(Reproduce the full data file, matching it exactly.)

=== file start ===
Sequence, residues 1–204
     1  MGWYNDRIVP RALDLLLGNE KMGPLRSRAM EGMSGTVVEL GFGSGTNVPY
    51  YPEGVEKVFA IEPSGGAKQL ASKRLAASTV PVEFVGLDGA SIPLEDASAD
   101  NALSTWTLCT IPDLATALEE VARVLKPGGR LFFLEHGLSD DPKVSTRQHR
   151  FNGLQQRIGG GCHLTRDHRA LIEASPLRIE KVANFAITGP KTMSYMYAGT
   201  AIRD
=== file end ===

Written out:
Sequence, residues 1–204
     1  MGWYNDRIVP RALDLLLGNE KMGPLRSRAM EGMSGTVVEL GFGSGTNVPY
    51  YPEGVEKVFA IEPSGGAKQL ASKRLAASTV PVEFVGLDGA SIPLEDASAD
   101  NALSTWTLCT IPDLATALEE VARVLKPGGR LFFLEHGLSD DPKVSTRQHR
   151  FNGLQQRIGG GCHLTRDHRA LIEASPLRIE KVANFAITGP KTMSYMYAGT
   201  AIRD